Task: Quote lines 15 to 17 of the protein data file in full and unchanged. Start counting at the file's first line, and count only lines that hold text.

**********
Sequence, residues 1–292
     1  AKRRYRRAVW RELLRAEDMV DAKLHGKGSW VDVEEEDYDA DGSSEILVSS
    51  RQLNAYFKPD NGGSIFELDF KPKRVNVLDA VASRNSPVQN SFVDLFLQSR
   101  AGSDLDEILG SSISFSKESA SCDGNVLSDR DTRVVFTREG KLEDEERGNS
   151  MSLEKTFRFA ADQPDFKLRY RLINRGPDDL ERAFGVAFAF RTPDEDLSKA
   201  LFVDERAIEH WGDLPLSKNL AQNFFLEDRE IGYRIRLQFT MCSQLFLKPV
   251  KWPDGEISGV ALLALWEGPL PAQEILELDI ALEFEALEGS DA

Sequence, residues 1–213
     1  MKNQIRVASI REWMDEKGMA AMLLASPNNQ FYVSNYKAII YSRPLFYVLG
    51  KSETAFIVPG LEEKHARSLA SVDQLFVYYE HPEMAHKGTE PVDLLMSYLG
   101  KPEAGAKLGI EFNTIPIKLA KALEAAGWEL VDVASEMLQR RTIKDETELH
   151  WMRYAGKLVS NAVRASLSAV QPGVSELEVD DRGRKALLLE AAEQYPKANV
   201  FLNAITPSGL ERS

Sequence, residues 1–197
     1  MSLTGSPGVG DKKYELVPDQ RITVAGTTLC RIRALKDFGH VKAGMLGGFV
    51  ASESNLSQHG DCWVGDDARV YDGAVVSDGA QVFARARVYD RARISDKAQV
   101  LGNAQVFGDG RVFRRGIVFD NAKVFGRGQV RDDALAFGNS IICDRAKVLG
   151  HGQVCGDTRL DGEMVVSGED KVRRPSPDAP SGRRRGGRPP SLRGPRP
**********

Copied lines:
     1  MSLTGSPGVG DKKYELVPDQ RITVAGTTLC RIRALKDFGH VKAGMLGGFV
    51  ASESNLSQHG DCWVGDDARV YDGAVVSDGA QVFARARVYD RARISDKAQV
   101  LGNAQVFGDG RVFRRGIVFD NAKVFGRGQV RDDALAFGNS IICDRAKVLG